Monday, November 16, 2009

Seeking a Balanced Perspective: How Cyber Risks to Grid are and are not MAD

As you may suspect by now, Jack and I are not fans of alarmist language. You won't hear us using terms like "Cyber Pearl Harbor" or "Cyber 9/11" unless our purpose is to debunk them, as Jack did quite thoroughly on his former blog, Suitable Security, here. We find that hysteria is not a particularly promising state of mind to be in when one is attempting to make the world better, safer and more secure. And that's the lead-in to this second post re: the recent 60 Minutes feature on ominous trouble in Cyberland.

Oh, one more thing before the post really starts -- I should explain the kitten. This kitten is here to help you relax. OK? Let's begin.

MAD, or Mutually Assured Destruction, is a Cold War-era term which neatly describes why nuclear deterrence works and has so far kept our planet from being reduced to a glowing ember from a massive thermonuclear exchange. You are still relaxed I see ... that's good.

Last week we posted a link to, and a couple comments on, an alarming 60 Minutes episode on cyber security risks to critical US infrastructure. It described how vulnerable the US is to computer hackers and used examples from DOD, the financial sector and the electrical grid. An additional level of disturbing detail was provided by former Director of National Intelligence (DNI) Mike McConnell, who said he's certain that foreign code is resident on national grid systems. Our own anecdotal experience with critical systems in other industries corroborates this. In hacker lingo: we are "owned."

Still relaxed? You should be, because there's ample evidence, in the 60 Minutes material and elsewhere, that even as we are heavily targeted, we also have substantial penetration of our potential adversaries' systems. Hence, the resemblance to MAD. I'm making this comparison preemptively before some journalist or K Street analyst does, because I think it's worth laying a few of the cards on the table and thinking about this in a non-alarmist fashion. Here's a short list of attributes to compare and contrast:

Nuclear characteristics:
  • Once underway, nuclear war is for keeps: you're either launching nukes or you're not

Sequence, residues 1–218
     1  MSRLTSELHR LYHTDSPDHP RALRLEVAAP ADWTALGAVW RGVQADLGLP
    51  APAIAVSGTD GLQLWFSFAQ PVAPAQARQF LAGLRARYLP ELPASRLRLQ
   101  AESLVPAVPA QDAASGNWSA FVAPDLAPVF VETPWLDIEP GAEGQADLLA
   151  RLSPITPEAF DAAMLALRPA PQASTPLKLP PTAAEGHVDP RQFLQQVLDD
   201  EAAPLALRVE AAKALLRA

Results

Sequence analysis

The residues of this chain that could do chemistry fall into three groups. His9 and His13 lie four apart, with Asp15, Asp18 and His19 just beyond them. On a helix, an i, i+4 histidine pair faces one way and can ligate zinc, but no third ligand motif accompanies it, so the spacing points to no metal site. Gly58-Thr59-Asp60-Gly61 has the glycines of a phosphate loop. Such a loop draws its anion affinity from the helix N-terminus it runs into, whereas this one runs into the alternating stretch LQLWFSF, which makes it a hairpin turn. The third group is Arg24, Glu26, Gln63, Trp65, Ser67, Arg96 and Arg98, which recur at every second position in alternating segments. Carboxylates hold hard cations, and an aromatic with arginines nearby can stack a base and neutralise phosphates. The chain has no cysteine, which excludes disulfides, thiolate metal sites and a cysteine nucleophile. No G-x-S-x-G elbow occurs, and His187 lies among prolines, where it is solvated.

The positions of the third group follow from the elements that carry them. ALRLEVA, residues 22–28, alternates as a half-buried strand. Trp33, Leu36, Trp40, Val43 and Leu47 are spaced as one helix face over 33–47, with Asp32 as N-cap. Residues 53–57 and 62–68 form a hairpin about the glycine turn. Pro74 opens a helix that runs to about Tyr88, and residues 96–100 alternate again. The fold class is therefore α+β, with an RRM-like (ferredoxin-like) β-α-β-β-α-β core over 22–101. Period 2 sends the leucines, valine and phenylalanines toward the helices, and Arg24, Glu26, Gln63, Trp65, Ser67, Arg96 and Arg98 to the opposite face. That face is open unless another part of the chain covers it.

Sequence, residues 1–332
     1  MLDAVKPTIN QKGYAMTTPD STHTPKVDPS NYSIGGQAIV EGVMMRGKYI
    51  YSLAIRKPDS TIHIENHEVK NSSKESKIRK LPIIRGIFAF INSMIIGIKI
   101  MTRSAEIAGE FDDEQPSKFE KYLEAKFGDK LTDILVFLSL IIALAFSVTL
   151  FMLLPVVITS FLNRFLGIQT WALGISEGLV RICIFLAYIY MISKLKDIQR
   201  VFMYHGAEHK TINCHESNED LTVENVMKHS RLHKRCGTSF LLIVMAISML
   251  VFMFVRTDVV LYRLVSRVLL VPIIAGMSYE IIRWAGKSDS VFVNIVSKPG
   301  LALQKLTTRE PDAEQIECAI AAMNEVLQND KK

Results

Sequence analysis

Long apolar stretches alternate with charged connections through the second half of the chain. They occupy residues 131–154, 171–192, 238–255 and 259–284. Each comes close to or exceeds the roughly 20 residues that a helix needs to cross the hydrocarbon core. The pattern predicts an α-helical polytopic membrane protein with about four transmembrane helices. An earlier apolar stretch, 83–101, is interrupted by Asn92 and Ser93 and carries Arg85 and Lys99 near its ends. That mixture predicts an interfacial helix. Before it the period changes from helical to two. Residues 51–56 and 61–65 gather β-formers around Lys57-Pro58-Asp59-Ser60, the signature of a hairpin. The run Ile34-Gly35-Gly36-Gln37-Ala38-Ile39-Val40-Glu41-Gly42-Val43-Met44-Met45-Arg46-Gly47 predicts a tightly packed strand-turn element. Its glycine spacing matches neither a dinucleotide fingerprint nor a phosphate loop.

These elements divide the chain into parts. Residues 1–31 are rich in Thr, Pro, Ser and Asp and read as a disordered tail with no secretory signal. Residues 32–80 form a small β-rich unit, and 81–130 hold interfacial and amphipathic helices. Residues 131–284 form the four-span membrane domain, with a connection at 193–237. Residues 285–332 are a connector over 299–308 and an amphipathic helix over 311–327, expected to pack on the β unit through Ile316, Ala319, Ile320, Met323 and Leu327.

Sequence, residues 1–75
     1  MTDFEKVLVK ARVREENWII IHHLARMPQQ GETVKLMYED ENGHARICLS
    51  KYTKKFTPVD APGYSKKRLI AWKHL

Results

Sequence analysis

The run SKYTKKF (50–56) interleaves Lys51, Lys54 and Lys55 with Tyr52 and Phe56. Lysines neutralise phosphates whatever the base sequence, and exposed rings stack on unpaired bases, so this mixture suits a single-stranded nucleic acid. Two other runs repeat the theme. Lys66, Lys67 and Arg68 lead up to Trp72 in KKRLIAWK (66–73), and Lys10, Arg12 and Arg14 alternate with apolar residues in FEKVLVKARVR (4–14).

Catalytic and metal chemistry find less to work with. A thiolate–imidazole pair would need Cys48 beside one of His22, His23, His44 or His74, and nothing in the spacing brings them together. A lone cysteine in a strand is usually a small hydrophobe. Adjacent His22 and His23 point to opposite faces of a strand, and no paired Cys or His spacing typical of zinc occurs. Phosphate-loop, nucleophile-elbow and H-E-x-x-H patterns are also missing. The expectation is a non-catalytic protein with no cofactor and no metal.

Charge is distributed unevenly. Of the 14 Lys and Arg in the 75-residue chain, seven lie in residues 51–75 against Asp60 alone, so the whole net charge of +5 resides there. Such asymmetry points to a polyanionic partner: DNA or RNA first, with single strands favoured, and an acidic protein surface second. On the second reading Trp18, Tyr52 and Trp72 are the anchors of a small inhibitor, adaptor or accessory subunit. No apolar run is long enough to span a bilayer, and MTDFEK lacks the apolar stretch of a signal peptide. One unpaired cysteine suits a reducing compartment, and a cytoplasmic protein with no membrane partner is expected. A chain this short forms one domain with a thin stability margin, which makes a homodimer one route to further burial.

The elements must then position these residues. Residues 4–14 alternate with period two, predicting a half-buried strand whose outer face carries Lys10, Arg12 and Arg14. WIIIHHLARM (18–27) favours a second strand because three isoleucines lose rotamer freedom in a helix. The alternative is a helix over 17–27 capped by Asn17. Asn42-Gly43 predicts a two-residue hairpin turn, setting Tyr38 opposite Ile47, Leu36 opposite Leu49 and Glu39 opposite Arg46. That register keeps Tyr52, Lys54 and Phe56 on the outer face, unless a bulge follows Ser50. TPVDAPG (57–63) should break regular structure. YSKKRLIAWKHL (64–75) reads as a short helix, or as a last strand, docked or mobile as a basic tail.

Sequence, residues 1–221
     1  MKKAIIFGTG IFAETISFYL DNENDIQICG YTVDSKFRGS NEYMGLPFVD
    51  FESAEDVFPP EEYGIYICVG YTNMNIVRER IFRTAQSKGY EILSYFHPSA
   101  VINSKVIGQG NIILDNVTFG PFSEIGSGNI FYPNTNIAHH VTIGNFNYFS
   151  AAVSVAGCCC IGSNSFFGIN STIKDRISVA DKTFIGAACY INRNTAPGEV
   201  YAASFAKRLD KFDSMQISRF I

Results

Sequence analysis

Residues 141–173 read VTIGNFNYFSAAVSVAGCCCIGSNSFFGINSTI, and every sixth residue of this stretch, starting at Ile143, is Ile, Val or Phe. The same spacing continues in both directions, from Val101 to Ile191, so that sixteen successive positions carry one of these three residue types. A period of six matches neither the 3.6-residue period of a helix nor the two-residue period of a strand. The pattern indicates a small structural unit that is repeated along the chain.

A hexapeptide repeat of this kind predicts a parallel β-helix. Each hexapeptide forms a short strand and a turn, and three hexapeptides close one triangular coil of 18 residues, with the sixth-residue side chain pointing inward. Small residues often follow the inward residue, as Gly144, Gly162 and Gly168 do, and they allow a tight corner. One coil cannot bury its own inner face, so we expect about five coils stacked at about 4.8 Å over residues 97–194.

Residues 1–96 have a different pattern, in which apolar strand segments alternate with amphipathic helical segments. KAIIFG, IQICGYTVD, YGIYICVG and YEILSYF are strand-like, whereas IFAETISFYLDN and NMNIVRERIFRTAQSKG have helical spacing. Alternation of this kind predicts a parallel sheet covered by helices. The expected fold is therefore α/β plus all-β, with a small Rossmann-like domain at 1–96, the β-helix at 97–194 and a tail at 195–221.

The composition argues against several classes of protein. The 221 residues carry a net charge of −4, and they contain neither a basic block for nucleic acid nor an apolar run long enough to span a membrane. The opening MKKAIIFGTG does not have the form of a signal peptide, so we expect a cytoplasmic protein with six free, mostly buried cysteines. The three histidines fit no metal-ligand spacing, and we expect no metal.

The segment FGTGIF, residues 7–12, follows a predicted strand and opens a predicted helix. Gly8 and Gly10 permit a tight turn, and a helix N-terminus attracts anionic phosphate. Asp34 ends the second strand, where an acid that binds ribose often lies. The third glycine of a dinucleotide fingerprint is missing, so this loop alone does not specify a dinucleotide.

• Though some once believed in it, "limited nuclear war" is generally considered unlikely
  • While we work to make missile defense a reality, our best defense against nuclear attack has been a good offense (see: deterrence)
  • Damage from nuclear exchanges is usually believed to be catastrophic
  • With missiles and bombers heading our way, it's fairly easy to discern the origin of attack, and hence, the attacker
  • There are currently 9 countries listed as nuclear nations. Others seek to join this group, but it's expensive, complicated and time consuming, not to mention dangerous and sometimes destabilizing
Grid Cyber characteristics:
  • Probes and attacks are happening all the time by multiple parties and damage of various degrees is being absorbed by all involved
  • All cyber war is, by definition, limited
  • Our best defenses are multi-layered, resilient and constantly evolving
  • Damage is infinitely variable in severity and often hard to detect
  • Often cannot identify attack origin or attacker
  • Any country, organization or individual with access to the Internet can be an attacker
So the Cyber wars are already well underway and yet you are still able to read this post on your computer or smart phone. This is because given the degree of inter-dependency of the global economy, most industrialized nations have little desire to wreak massive cyber havoc on their neighbors, who, while they compete in many domains, are also full time partners. Though you'll sometimes hear speculation to this effect, especially as it concerns the Smart Grid as a "hackers' paradise", it's unlikely (though possible) that catastrophic harm can befall the diverse US national grid from cyber attack alone. But that doesn't mean major localized or regional damage couldn't be wrought.

Take aways:
  • Unlike with nukes, where deterrence between nuclear nations has worked so far, no one is fully deterred from experimenting with and sometimes wielding cyber weapons against our grid or other critical US infrastructure systems. Most nations do, however, seem deterred from launching massive cyber attacks on us and others ... and life and commerce go on
  • International crime gangs and other non-state bad actors abide by completely different rule sets from those described above. Deterrence means much less to them, so we've got to continue to bring our cyber security "A game" to the Smart Grid build out as well as to the rest of our critical national infrastructure
  • Understanding and accepting that all sides "own" other systems conjures up the alternative title to the Cold War classic "Dr. Strangelove," which was "How I Learned to Stop Worrying and Love the Bomb." I'm not suggesting you begin loving cyber risks to the grid or Smart Grid; just want you to worry a little less if the 60 Minutes piece has rendered you sleepless or immobile. Clearly we’ve got work to do, but as NASA and the NY Times said today, we’re not going to die tomorrow or the day after tomorrow
  • For a somewhat more detailed, balanced examination of cyber risks to the grid, see University of Minnesota's Dr. Massoud Amin's short paper "Electricity Infrastructure Security", PDF downloadable here.
So, if you've made it this far, I've got a question for you: did the kitten help?

No comments: